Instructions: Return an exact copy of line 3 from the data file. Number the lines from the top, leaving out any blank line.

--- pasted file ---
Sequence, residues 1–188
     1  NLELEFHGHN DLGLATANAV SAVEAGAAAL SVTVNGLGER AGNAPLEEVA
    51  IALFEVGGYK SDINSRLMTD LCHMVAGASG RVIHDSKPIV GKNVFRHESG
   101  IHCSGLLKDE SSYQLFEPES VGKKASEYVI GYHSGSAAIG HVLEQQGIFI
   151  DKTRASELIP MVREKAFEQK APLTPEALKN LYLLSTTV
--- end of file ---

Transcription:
    51  IALFEVGGYK SDINSRLMTD LCHMVAGASG RVIHDSKPIV GKNVFRHESG